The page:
السبت 22 يونيو 2024

Value in Being Forever a Beginner

موقع أيام نيوز

The longer I stay in this profession, the more I value experiences that facilitate what Zen teachers call “Beginner’s Mind,” which recently took the form of an early morning listening to Corazon chew his hay.

Becoming an expert in any field often entails specializing your knowledge and skills to the point of abstraction. You end up operating on a level that is detached from those with whom you are trying to serve and relate. Beginner’s Mind tethers you to the openness and fascination, the receptivity, of beginners in a sport.

Remaining relatable may or may not be important to every trainer. For myself, though, I have discovered that staying able to truly relate to my students is crucial for longevity in this career with horses. Without it, I run the risk of impatience, poor communication, and misguided instruction.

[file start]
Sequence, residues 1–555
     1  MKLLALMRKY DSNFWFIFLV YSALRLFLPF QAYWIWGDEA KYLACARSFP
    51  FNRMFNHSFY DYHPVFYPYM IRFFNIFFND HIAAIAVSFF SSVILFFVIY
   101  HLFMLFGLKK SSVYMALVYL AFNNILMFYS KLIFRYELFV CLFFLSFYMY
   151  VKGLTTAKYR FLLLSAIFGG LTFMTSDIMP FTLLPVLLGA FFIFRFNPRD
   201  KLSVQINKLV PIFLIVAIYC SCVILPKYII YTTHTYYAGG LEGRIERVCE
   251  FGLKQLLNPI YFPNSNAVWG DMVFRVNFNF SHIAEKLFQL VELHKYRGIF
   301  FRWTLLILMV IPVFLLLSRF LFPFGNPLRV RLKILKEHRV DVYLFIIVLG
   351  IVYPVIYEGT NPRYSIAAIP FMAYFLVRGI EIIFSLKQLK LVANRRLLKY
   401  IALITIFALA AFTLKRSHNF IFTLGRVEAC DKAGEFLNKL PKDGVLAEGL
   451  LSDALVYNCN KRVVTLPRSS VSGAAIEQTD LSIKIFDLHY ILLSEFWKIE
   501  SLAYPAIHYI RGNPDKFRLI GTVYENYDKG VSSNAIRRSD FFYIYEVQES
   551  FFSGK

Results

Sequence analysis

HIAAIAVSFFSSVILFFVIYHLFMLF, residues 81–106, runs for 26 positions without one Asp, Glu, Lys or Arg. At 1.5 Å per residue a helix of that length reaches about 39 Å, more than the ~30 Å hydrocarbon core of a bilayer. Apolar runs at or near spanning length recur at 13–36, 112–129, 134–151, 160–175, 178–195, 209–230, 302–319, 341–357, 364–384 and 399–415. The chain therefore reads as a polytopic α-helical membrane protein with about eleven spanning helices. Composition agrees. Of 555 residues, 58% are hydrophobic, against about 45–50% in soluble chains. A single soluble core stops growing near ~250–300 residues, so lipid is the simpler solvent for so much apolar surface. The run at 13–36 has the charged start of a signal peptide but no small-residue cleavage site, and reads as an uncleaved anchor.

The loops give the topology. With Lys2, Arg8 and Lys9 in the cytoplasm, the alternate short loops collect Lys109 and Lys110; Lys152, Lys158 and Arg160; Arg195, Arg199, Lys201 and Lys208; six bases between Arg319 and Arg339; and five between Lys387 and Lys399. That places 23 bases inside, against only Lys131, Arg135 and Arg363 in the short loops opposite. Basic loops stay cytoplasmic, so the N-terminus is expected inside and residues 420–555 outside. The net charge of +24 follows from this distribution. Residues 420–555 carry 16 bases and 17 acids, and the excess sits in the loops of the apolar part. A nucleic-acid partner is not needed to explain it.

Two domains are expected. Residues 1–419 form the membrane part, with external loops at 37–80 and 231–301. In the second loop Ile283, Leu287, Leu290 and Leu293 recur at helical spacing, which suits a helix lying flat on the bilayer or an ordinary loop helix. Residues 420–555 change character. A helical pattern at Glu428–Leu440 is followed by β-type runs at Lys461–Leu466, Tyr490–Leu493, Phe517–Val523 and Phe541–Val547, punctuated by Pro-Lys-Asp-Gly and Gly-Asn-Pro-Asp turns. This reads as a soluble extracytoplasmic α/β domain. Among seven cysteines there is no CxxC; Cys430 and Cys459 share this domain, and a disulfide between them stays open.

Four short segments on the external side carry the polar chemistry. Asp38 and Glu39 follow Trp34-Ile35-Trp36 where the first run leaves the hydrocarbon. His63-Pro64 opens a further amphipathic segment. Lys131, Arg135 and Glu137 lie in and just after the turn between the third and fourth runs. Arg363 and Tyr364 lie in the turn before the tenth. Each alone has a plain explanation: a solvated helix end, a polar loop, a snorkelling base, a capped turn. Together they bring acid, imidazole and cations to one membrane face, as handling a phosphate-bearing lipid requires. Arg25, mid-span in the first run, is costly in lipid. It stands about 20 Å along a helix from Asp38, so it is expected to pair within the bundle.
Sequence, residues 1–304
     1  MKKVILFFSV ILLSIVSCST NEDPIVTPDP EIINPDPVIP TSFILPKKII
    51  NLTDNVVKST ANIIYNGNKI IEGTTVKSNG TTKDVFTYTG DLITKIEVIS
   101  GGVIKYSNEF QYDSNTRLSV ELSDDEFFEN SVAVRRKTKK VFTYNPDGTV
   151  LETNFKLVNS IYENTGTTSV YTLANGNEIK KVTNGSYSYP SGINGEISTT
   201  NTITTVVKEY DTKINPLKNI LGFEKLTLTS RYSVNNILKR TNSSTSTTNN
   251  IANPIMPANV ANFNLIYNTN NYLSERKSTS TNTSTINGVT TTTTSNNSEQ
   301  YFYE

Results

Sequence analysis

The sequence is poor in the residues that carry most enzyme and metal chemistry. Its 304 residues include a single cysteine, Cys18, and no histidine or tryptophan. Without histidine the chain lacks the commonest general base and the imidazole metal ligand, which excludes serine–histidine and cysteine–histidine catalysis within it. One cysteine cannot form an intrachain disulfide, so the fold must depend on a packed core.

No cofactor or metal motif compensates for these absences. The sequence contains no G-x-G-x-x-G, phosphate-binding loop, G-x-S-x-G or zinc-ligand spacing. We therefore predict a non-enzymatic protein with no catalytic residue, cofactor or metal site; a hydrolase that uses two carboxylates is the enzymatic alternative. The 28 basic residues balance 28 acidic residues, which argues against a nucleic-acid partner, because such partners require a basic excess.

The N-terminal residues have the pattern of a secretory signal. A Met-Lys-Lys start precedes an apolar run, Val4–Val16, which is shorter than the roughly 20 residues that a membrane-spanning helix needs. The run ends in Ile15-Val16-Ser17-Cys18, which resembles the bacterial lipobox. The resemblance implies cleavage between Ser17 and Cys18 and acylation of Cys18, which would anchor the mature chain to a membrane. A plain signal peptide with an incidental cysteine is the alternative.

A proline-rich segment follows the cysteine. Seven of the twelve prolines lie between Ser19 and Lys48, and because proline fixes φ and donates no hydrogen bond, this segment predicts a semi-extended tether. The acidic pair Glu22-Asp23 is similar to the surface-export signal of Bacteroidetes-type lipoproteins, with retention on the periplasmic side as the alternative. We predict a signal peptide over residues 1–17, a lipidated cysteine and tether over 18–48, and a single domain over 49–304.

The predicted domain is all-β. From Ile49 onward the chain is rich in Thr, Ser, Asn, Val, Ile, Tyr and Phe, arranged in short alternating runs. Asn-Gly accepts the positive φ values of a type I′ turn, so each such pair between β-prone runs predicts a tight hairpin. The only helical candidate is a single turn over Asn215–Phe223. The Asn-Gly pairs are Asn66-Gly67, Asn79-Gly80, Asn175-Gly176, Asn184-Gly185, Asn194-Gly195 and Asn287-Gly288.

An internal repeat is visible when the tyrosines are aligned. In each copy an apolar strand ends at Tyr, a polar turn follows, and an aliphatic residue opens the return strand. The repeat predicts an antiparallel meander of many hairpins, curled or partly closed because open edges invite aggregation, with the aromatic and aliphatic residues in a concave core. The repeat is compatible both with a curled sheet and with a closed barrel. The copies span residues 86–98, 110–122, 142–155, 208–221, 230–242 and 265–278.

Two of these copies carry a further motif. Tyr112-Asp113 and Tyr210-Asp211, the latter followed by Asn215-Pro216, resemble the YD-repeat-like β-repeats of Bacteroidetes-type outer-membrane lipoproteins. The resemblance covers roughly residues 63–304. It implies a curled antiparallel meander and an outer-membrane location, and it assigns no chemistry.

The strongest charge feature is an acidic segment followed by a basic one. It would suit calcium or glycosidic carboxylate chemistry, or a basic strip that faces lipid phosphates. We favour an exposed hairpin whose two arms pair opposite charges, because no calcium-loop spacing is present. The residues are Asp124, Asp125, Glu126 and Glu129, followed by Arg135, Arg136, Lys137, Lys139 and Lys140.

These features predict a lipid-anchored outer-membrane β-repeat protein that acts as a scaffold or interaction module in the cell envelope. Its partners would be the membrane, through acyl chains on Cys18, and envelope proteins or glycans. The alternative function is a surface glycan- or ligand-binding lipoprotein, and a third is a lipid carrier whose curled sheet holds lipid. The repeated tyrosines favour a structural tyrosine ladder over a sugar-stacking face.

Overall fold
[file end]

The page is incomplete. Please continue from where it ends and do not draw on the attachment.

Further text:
Having a horse of my own helps preserve a little bit of feeling like a fun-struck amateur, even though I am a six-days a week professional. Finding experiences with Corazon outside my daily routines helps even more. These are the vital moments where I find Beginner’s Mind. And the more years I spend with horses, the more valuable these occasions feel. They simultaneously keep my spirits fresh while mooring me to a relatable place for my students.

I took a small group of students camping with their horses this week at Waddell Beach Campground, a coastal valley filled with wildflowers and cypress trees with ocean views. We spent two days riding shaded trails beside the creek and then sitting around the campfire watching our horses doze in their corrals. We said goodnight to them under a star-filled sky aglow with the Milky Way.